• To be immortal is to be infinite in being and in consciousness and bliss; for the Spirit is infinite and that which is finite lives only by his infinity.
  • Be one with God and all beings; live in thyself and not in thy little ego. For the Spirit is unity.
  • Man arrives at immortality by breaking beyond the limitations not only of his physical self, but of his mental and his ordinary psychic nature into the highest plane and supreme ether of the Truth: for there is the foundation of immortality and the native seat of the triple infinite.

To cease to be identified with the body, to separate oneself from the body-consciousness, is a recognized and necessary step whether toward spiritual liberation or toward spiritual perfection and mastery over Nature.

(Source: The Life Divine - Aurobindo - Book Two, Chapter Twenty-Seven, ‘The Gnostic Being’)

This Sanatana Dharma has many scriptures: The Veda, the Vedanta, the Gita, the Upanishads, the Darshanas, the Puranas, the Tantras:......but its real, the most authoritative scripture is in the heart in which the Eternal has his dwelling.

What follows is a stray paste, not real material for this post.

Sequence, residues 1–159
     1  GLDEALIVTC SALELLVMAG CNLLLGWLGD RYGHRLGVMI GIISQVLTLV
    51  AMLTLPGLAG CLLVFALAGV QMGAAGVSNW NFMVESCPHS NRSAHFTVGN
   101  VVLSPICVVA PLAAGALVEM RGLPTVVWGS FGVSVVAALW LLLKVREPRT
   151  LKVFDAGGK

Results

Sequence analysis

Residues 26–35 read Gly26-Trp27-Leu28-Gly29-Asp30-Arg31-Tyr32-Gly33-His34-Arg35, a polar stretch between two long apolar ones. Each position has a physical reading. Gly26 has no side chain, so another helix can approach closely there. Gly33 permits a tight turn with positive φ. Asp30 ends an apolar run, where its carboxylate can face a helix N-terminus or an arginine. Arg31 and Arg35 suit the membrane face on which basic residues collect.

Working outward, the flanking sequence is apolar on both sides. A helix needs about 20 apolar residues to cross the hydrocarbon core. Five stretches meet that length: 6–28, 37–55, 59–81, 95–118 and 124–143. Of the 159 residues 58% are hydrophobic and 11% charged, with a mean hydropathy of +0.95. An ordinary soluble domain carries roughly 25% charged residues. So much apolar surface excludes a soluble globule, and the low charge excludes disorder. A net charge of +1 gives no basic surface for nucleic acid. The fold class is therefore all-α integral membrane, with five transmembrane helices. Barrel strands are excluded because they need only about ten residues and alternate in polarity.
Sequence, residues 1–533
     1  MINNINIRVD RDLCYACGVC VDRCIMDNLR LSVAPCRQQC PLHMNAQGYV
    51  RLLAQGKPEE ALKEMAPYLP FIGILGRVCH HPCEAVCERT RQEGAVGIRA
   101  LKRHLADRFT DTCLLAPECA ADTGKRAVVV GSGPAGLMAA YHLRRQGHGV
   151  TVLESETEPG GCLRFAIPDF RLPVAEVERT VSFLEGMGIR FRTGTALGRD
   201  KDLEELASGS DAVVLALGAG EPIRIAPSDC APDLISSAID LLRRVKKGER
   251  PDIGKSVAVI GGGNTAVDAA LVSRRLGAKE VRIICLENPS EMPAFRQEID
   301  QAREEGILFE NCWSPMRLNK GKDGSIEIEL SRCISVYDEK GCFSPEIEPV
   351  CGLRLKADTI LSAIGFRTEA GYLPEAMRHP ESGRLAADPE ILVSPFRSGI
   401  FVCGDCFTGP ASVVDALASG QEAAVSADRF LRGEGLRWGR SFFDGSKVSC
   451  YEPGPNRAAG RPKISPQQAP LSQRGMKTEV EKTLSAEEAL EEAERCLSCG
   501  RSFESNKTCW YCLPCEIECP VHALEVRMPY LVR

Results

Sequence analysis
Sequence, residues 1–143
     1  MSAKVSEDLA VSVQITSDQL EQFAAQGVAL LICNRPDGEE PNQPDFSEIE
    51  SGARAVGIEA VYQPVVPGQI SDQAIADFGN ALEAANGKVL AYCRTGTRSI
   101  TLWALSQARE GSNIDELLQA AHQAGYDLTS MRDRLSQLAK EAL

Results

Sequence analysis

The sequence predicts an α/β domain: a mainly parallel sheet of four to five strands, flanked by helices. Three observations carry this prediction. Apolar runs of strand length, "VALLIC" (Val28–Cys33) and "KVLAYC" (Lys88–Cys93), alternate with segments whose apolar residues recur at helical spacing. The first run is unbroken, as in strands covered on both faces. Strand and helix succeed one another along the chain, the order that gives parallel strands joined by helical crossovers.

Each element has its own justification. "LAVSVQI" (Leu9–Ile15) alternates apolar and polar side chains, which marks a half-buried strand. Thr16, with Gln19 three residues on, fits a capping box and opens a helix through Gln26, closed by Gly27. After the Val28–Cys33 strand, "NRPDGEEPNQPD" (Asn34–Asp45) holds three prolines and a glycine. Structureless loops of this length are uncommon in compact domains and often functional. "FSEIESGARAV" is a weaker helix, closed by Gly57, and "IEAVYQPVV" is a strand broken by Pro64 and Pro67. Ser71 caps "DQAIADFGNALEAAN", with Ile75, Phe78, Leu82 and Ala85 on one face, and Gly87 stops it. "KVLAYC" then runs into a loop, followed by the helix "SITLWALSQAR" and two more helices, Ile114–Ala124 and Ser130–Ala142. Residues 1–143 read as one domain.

(Source: Karmayogin)

Sri Aurobindo on Fate

There is no Fate except insistent causality which is only another name for Law, and Law itself is only an instrument in the hands of Nature for the satisfaction of the spirit. Law is nothing but a mode or rule of action; it is called in our philosophy not Law but Dharma, holding together, it is that by which the action of the universe, the action of its parts, the action of the individual is held together.

Why Hinduism is known as Sanatana Dharma? – Sri Aurobindo

Hinduism gave itself no name, because it set itself no sectarian limits; it claimed no universal adhesion, asserted no sole infallible dogma, set up no single narrow path or gate of salvation; it was less a creed or cult than a continuously enlarging tradition of the Godward endeavor of the human spirit.

An immense, many-sided and many staged provision for a spiritual self-building and self-finding, it had some right to speak of itself by the only name it knew, the eternal religion, Sanatana Dharma.

Sri Aurobindo Thoughts on Silence

There are two great forces in the universe, silence and speech. Silence prepares, speech creates. The strength of noise and activity is great. But infinite is the strength of stillness and silence, in which great forces prepare for action. To be capable of silence, stillness and illuminated passivity is to be fit for immortality.